These guys may not realize the mess they are creating by breaking the rules. I remember, my mind getting filled with anger for few hours when my neighbor poked me. I felt like these kind of people didn’t belong here. But later, after few days, I realized that these people are part of the course too. Instead of blaming their actions, you start looking at the cause of their actions, which is suffering. You feel sorry for them. Then you start realizing that you too suffer, just that the actions comes out in different forms. And then you start feeling compassion for yourself and others who are suffering and you pray for all beings to come out of their suffering.
As the days progress, you see that you are becoming mature too. But that doesn’t mean that I don’t get annoyed anymore. But I do come back to my senses much sooner.
Letting go of expectations:
The course demanded that we meditate for around 10 hours each day, with breaks in-between. I wanted to use the opportunity provided by the course to the fullest. I wanted to grow as much as possible spiritually. So whenever my mind wandered too much and couldn’t meditate properly I felt bad.
I had set a lot of expectation on myself. Soon I realized that if I have to continue staying here, I have to let go of some of them. So I let go of the idea of perfection in my mind. If my mind was wandering away, I just wandered. I told myself, “Staying the entire course is more important than an individual meditation session.” Once I stop putting pressure on myself it was much easier to take the difficult times. When I felt bad, I just felt bad.
Comparing yourself to others?
Even though all of us are here as students to learn the Vipassana technique of meditation, this is not like a normal school course. Very different types of people come to this course. And the experiences of each of them are unique.
But still in our society, we are so much used to compare our performances with others. Am I better than others in meditating? Everyone looks like they are having a great meditation.
Why am I the only one sitting here with pain and have a hard time concentrating?
The whole point of the course is to get over such behavioral patterns of the mind. But still its hard. You have to constantly remind yourself, not to compare your experiences with others. You have to be careful, not to label any experience as good or bad.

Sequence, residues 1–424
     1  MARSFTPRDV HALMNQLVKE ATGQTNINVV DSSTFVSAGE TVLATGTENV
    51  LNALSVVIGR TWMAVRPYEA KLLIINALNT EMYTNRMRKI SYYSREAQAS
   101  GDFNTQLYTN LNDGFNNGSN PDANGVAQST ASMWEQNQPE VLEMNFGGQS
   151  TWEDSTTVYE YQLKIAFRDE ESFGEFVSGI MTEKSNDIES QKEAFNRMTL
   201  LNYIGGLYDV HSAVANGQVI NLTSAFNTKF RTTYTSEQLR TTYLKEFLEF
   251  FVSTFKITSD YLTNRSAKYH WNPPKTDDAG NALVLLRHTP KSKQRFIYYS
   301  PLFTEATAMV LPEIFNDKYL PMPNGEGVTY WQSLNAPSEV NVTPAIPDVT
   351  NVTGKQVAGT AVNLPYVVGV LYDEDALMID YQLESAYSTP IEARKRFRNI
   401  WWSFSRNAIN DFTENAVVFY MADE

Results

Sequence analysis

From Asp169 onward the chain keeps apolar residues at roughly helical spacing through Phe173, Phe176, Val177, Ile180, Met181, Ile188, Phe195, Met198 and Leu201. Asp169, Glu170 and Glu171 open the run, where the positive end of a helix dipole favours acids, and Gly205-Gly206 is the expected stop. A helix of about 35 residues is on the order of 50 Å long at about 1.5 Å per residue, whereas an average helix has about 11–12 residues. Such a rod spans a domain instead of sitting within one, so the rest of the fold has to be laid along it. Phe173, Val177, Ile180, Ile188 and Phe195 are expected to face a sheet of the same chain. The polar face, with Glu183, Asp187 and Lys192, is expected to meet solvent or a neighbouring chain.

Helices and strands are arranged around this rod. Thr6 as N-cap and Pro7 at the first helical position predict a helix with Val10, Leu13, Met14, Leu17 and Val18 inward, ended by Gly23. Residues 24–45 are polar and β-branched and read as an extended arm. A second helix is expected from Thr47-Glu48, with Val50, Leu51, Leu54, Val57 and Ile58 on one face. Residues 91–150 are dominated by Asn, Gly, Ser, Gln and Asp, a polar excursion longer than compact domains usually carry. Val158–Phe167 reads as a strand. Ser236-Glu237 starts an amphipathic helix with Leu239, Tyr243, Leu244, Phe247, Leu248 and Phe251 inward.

Finding the right motivation:
Without knowing why you are doing it, its very hard to do a difficult task. The same goes here. Why do you want to do this intensive course? During the course you will be asking yourself this question a lot.
Luckily for me, the course gave me the answer through myself. The pain I have been pushing inside for years started coming to the surface. It came out physically as knee or back pain or sometimes through memories which I haven’t thought about for a long time. I saw how much I have been suffering. I thought, I don’t want to live the life like I used to. If there is a way out I will follow it.
After a point you will see that everyone around you is suffering too. And you want to help others. But to do that, you have to become strong yourself. So personally for me, the motivation to finish this course, was to eradicate suffering for myself and others. Every time I had a hard time, I reminded myself of why I am here.
There will be volunteers to help you, and to do all the arrangements the course might need. These volunteers must have finished at least one 10 day course in the past.
I didn’t like one of these volunteers for some time. I have never talked to him or anything. He didn’t particularly do anything to annoy me too. But my ego didn’t like him. After few days I realized, how simple minded I was, to feel that way.
The volunteers worked for free. They have a more rigorous schedule than us. They have to wake up earlier than us and sleep after us. They have to do all the work and on top of that, serve people who are sometimes bitching about them. After realizing this I started looking at them with respect.
Non-killing is one of the moral values you have to follow for the 10 days. The food provided is purely vegetarian, so its easy that way. But you can take this, one step further, by being careful while moving around. Take care, not to kill any insects or ants.
Some times there will be lot of mosquitoes around. The normal tendency would be kill them. But try to refrain from doing so. If you think logically you will see that killing few mosquitoes will not reduce their numbers by so much. So why kill them?
Why write all this?
I was very impressed by Vipassana meditation technique. I think everyone should do this at least once in their life. And the earlier you do it, the better it is. I wrote this post mainly to spread awareness about Vipassana. If it helps even one person to find his or her path, I would be very happy.
May all beings be happy.